Over the next 5 months, Sara patiently answered a stream of questions from Elle, even more crucial than the backpack question if you can believe it. Since they were both Texans and whatnot, they agreed that when Elle arrived in Bristol, they would meet up in real life and so Elle could stop emailing Sara.

One sunny England afternoon, they met in person (Elle noting that Sara is even smaller in real life) for tea at what soon became their regular meet up, The Tea Birds and the rest is what we like to call "history." 

Meeting people in person you've only talked to online can go horribly wrong - like blind dates or Tinder. But this was anything but horrible. It was like I had known this person for my entire life. I wanted to shake whoever is in charge of fate and demand why this friend was just now coming around.

Now that you know a little bit about how our friendship came to be, it's my turn to write directly to Sara. Because I'm not that eloquent at speaking, especially when I have that icky feeling of sadness in my stomach - so I'm probably going to be blubbering and emit nothing more than remarks about how you better send me queso when you depart for the states after graduation.

So Sara, thank you for responding to all my crazy-lady emails.

For always being down for tea and a 3-hour chat.

Introducing me to some of my favorite spots in the city, like the Tea Birds, Boston Tea Party, the Old Duke, and St. Nick's Market. 

Teaching me how to do scary things, like learn the bus system.

For sharing many, if not all, of my guilty pleasures.

Having the same itch to explore as I do, even if it means waking up before dawn and catching a ferry to an island for a few hours, just because we want to see it. 

...and celebrating these daycations with a cocktail or two.

Laughing at mishaps like getting stranded in a city by ourselves (I'm talking to you, Sandown)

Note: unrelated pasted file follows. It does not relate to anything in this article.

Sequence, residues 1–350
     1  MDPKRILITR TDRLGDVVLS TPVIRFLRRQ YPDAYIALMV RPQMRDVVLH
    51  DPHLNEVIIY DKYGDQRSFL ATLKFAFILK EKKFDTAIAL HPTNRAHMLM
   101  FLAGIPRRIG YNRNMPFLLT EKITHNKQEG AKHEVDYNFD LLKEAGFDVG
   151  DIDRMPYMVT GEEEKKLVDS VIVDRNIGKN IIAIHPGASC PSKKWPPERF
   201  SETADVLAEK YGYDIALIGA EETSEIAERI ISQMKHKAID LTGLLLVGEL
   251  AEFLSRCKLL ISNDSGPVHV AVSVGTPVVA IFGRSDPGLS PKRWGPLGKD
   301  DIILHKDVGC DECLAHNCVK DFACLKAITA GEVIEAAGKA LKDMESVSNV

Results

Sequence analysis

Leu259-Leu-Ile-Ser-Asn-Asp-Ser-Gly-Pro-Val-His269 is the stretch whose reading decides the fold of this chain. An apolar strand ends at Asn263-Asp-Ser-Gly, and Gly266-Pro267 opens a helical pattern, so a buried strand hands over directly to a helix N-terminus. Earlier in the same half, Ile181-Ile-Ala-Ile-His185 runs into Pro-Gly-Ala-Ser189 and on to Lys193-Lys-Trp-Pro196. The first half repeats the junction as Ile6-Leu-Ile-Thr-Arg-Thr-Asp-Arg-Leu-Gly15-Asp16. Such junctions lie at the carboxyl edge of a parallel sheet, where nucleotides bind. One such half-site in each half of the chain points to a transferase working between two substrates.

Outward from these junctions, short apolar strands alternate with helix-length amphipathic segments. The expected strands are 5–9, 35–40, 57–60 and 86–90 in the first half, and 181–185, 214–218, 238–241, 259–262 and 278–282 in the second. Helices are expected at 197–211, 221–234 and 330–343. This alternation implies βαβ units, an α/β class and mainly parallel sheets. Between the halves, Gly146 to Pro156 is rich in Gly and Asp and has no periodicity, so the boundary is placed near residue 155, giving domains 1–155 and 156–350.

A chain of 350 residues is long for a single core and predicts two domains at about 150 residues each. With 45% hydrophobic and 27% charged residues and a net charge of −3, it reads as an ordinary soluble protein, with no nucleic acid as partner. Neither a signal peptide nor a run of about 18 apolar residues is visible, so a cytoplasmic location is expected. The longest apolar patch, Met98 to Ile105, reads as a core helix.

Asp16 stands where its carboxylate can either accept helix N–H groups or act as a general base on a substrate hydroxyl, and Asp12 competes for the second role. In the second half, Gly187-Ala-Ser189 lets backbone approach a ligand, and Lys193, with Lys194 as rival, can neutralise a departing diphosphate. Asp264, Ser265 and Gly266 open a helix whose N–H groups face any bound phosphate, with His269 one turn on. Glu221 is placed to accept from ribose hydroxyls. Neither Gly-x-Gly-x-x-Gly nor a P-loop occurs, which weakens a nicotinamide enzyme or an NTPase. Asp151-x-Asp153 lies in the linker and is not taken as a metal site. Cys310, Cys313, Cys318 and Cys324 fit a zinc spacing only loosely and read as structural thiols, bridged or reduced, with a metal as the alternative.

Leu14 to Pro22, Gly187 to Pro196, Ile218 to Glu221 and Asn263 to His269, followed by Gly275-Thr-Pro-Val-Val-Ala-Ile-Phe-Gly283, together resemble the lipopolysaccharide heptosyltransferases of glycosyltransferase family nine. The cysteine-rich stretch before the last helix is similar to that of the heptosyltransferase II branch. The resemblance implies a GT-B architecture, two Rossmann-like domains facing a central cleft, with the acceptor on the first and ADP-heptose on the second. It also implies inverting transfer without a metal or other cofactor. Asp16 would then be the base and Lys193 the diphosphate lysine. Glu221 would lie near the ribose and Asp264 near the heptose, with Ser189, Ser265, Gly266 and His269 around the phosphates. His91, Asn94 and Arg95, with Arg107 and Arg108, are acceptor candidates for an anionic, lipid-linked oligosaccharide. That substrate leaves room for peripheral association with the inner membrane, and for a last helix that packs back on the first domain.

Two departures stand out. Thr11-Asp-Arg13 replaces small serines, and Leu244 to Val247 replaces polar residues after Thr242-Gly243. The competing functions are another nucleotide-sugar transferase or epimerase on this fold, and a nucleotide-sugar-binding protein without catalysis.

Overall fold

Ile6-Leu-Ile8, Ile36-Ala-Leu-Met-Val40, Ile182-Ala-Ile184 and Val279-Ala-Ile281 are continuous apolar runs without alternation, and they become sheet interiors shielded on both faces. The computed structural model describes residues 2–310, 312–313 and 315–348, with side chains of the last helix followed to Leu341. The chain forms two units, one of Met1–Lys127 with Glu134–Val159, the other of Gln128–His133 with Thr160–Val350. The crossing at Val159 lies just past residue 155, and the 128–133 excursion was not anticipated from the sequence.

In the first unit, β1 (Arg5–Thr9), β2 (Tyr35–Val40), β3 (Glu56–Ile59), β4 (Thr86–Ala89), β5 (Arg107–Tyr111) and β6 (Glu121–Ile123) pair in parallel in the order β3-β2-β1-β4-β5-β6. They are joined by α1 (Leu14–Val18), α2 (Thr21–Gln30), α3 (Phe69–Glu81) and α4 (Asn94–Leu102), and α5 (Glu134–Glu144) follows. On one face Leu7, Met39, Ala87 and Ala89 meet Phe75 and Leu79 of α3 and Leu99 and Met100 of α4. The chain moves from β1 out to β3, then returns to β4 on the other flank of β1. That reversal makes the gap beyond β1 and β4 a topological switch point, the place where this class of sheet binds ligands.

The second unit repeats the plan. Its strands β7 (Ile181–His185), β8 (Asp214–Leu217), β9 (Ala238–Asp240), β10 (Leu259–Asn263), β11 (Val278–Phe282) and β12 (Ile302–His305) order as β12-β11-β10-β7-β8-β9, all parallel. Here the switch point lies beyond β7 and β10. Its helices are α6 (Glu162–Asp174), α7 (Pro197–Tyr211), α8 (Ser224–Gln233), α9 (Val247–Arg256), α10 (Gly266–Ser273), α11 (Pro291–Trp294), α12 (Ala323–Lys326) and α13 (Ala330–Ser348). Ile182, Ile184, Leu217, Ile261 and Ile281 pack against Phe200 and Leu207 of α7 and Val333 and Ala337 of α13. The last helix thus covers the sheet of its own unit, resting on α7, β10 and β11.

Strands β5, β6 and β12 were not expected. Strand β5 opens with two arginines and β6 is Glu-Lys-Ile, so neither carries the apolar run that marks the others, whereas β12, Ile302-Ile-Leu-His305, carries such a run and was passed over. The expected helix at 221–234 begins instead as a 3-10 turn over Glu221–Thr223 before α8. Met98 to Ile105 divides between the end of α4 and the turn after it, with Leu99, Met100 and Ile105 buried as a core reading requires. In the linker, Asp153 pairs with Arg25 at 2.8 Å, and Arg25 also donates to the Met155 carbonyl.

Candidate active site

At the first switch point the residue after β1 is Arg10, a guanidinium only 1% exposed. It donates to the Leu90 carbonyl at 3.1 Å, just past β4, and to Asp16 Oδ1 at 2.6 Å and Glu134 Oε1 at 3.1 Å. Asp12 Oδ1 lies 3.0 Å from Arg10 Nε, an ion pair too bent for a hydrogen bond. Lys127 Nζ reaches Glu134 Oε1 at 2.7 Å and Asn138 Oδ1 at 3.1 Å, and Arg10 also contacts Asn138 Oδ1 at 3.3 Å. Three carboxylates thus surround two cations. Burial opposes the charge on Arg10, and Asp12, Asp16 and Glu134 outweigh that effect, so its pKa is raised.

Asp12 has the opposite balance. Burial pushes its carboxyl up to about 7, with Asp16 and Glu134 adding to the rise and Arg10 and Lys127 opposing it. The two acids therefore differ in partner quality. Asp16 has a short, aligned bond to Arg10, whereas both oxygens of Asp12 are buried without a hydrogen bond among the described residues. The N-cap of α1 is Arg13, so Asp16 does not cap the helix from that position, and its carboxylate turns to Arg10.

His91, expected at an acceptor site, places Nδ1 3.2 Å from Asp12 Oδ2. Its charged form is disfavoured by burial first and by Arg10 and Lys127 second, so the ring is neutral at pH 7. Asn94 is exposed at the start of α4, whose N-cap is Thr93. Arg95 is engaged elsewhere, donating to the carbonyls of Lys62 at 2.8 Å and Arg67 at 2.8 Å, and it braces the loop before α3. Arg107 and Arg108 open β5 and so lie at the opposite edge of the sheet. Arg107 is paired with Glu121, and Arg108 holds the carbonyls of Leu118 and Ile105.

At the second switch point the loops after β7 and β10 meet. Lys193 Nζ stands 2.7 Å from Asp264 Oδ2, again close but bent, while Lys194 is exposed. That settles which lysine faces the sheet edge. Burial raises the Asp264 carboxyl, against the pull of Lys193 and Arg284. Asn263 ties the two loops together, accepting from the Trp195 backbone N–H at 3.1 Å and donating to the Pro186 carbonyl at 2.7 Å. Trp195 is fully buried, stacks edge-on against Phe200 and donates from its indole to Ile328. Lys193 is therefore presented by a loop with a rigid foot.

And finding humor in the all other times when transportation wasn't on our side.

Coming to the conclusion that we will never be good at selfies, so it's best just to trade off cameras. 

Frolicking through Hogwarts with me and embracing being a nerd.

Scavenging the aisles of Boots together, and having in-depth conversations about lipstick formulas.

Loving coffee. GOOD coffee.

Accidentally twinning.

Being my only friend who loves Skins. Even if we can't figure out which one is Cassie's bench for sure

"Doing it for the Insta"

Understanding the ups and downs of being an expat. 

Acting as my personal historian when I don't feel like reading a tourist pamphlet.

Making my first Thanksgiving away from home actually fun and accomplishing cooking a feast together with our bare hands.

For not asking why I had a folder called "Sara" on my desktop when you used my laptop...which I'm 99% sure you saw when you were checking your flight. (PS - It was pictures for this post)

Sharing the thrill out of taking pictures of just about anything.

Saying "yes" to the unknown. And to cheese, saying yes to cheese

Showing me places I didn't even know existed.

Dreaming about moving to tiny English villages to grow old in.

Laughing, albeit feeling a little cheated, at the fact that we lived in the same city for nearly 4 years and didn't meet until now. 

Never frowning, even when I know you were kicking and screaming on the inside. 

Because ASD;LKJSDFJ you tried everything. I know you did. 

And for being my sanity during this massive life change for me, as I hope I was for you. 

I know you're going to miss England, but best believe England is going to be missing you.

Latest Instagrams

Disqus for

© What the Elle. Design by Fearne.